A BITTER and pointless war over contested territory which seems certain to displace thousands of refugees after all efforts at peacemaking fail — but enough of the General Synod meeting: here’s the once very prominent New Atheist Ayaan Hirsi Ali on her conversion to Christianity. Her piece on UnHerd wastes no time on all the peace and justice stuff. Christianity is preferable to atheism, she says, because it will fight Islam more effectively.
She writes: “Western civilisation is under threat from three different but related forces: the resurgence of great-power authoritarianism and expansionism in the forms of the Chinese Communist Party and Vladimir Putin’s Russia; the rise of global Islamism, which threatens to mobilise a vast population against the West; and the viral spread of woke ideology, which is eating into the moral fibre of the next generation.
“We endeavour to fend off these threats with modern, secular tools: military, economic, diplomatic and technological efforts to defeat, bribe, persuade, appease or surveil. And yet, with every round of conflict, we find ourselves losing ground. We are either running out of money, with our national debt in the tens of trillions of dollars, or we are losing our lead in the technological race with China.
“But we can’t fight off these formidable forces unless we can answer the question: what is it that unites us? The response that ‘God is dead!’ seems insufficient. So, too, does the attempt to find solace in ‘the rules-based liberal international order’. The only credible answer, I believe, lies in our desire to uphold the legacy of the Judeo-Christian tradition.”
I don’t know: “Onward, Christian soldiers, marching as to war, with our desire to uphold the legacy of the Judeo-Christian tradition Going on before” isn’t much of an improvement on the original.
But, then, anyone bloviating today about the West and its civilisation is handicapped by the way in which almost everything worth conserving of the American and European empires has already been digested by the market; so all that remains is . . . digested matter.
NONE the less, the most interesting political — and, indeed, religious — movement at the moment is the anti-capitalist Right. Its 20th-century predecessors identified capitalism with the Jews, with terrible results. Their successors today are united in support of Israel.
Ms Hirsi Ali had attended the ARC (Alliance for Responsible Citizenship) conference in Greenwich a fortnight ago, a gathering of this tribe, which seems to have completely escaped the attention of the press, despite the presence of two Cabinet ministers (Michael Gove and Kemi Badenoch), Jordan Peterson, Tom Holland, and others. Presumably, this was a matter of policy. The conference was funded by Sir Paul Marshall, who also owns UnHerd, along with half of GB News, and funds St Mellitus College. Publicity was strictly controlled. A long interview with Baroness Stroud, a co-founder of ARC, by Eleanor Mills, in The Sunday Telegraph, was all that I saw, and it moved smoothly from policy to waffle.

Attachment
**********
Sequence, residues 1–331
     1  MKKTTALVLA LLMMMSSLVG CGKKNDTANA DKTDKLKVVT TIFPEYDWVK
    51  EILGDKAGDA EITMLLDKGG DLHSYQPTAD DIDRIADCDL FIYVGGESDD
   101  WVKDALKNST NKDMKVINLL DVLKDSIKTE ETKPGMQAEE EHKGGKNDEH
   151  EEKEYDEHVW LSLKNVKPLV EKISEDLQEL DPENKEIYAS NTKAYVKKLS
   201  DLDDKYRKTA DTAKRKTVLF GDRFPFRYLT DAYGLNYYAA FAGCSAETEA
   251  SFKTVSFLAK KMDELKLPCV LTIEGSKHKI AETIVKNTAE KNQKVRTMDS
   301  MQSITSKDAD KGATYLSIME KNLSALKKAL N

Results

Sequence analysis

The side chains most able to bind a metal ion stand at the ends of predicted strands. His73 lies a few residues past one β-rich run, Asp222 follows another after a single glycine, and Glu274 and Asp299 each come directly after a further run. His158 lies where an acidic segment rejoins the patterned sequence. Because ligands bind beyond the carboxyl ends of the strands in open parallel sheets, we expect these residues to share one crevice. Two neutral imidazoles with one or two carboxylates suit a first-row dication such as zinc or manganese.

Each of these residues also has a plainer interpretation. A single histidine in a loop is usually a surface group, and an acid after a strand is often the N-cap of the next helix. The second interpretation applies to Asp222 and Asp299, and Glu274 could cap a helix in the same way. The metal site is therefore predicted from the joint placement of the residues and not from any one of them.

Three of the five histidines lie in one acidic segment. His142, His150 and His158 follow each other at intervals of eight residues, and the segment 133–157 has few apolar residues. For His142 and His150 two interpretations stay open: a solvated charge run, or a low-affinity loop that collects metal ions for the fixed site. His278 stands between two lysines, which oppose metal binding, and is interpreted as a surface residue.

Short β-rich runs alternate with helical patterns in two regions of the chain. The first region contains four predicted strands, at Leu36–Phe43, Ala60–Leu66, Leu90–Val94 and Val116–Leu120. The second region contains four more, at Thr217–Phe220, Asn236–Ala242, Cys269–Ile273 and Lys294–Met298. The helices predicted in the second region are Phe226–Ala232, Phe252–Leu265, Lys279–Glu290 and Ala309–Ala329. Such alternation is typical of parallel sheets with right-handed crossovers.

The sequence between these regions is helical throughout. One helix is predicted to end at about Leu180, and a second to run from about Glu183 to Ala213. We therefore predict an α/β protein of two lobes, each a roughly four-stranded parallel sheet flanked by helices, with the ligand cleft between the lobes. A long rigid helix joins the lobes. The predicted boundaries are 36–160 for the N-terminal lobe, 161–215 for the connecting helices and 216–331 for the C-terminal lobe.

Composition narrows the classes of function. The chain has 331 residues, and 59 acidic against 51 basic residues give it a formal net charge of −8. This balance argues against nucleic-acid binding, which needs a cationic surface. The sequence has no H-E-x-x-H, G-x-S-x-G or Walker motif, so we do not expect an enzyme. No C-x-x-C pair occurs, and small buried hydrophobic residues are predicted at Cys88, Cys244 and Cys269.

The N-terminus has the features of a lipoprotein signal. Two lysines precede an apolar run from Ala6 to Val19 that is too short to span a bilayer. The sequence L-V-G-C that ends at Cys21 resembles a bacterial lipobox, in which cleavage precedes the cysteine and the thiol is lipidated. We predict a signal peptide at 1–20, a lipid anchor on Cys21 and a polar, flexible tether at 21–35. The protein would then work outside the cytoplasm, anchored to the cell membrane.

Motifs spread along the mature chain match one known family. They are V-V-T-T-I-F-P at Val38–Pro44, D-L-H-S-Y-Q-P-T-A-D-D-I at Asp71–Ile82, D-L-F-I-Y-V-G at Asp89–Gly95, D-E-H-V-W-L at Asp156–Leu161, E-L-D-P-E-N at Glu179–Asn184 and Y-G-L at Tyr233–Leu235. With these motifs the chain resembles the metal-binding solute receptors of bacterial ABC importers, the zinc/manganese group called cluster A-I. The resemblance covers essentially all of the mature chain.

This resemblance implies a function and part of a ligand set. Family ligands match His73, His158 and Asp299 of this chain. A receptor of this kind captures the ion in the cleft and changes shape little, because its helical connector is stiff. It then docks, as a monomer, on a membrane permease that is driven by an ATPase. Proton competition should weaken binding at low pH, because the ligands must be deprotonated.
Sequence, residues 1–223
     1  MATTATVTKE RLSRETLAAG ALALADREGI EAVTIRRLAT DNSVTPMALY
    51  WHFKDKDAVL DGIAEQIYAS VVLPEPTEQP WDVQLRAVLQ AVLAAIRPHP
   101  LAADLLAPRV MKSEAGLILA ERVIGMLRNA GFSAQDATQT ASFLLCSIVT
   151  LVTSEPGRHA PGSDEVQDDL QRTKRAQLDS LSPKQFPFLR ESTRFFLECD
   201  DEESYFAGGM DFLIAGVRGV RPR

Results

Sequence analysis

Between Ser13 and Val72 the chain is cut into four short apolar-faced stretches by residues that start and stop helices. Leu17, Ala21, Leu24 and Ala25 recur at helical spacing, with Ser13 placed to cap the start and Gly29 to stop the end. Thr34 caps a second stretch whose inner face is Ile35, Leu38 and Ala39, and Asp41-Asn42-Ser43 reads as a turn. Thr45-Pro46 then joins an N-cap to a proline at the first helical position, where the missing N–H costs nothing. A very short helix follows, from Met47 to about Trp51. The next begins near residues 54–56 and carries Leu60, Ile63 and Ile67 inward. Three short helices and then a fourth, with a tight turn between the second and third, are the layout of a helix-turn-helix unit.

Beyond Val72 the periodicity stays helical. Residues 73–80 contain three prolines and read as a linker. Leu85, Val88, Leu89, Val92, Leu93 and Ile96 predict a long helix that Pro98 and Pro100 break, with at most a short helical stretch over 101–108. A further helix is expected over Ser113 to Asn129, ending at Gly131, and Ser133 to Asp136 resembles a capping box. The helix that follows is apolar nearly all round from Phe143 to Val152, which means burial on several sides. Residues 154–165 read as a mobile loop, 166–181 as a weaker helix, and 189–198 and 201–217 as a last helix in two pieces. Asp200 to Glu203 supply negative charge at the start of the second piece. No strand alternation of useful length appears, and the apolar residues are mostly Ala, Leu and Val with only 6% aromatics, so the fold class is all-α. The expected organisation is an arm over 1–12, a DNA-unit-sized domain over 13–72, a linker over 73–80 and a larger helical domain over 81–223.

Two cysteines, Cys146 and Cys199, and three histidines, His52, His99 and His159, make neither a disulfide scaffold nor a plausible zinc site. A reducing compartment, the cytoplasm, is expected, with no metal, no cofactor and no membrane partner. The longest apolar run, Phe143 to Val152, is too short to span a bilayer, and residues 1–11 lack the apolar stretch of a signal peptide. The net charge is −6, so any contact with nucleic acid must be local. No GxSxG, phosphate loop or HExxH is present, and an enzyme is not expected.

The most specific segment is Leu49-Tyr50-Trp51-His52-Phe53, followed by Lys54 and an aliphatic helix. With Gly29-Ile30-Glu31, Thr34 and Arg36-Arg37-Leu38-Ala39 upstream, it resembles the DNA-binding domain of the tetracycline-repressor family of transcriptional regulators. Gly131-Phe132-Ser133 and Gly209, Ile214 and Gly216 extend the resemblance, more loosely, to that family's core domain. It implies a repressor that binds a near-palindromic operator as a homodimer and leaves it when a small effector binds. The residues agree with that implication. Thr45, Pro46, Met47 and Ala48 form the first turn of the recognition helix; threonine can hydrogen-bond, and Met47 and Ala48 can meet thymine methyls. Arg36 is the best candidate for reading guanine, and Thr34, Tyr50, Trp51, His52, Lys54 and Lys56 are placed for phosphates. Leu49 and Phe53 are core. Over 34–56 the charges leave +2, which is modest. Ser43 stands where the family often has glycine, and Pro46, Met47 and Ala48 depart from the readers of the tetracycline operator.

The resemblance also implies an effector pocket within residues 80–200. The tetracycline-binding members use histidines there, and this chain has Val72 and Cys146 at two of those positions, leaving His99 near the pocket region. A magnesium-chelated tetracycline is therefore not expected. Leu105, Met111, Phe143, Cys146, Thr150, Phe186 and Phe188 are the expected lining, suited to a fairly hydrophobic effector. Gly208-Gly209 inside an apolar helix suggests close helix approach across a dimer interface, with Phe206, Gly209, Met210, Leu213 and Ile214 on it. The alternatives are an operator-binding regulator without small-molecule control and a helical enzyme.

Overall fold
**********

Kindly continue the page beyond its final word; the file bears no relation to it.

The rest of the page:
“Stroud is a committed Christian, married to a clergyman. Her faith is an important driver of her political journey. The walls of the conference are lined with Bible quotes including Jeremiah 6:16: ‘Stand at the crossroads and look: ask for the ancient paths, ask where the good way is and walk in it and you will find rest for your souls.’ Stroud’s journey into politics has been through what she calls: ‘Christian work — helping people heal.’”
At times, she sounded like Lord Field of Birkenhead, or The Guardian’s excellent poverty correspondent, Patrick Butler: “Families should not be in poverty if they are both working full time. Unfortunately at the moment that is not the case. . . She was also instrumental in establishing a new matrix to calculate poverty, taking into account the multiple barriers families face. ‘Deep poverty is increasing, by that I mean those who are 50 per cent below the poverty line.’”
Yet she seems to believe that standard left-wing solutions can make matters only worse. This would be more credible if the past 13 years of Conservative government had not themselves made things so much worse for the poor. It is hard to escape the suspicion that her retreat into grand waffle — “The point about Arc is we are above party politics: we are a global organisation looking at all the challenges of the day” — is not, in part, a reaction to the enormous gap between the ambitions of Universal Credit (on which she worked as a policy adviser) and the cruel bureaucratic meanness of the reality after it had been approved by George Osborne’s Treasury.
The trouble with all such schemes is that policy-making is not something that happens above party politics, and parties are formed and sustained as much as anything by hatreds. Even at the grand global organisations, seeking to remoralise our civilisation, the biggest roar of approval that Eleanor Mills heard came from a “podcast presenter and historian”, Konstantin Kisin. “His speech includes a remark that gets a roar of approbation in the room: ‘At least Hamas supporters know what a woman is.’”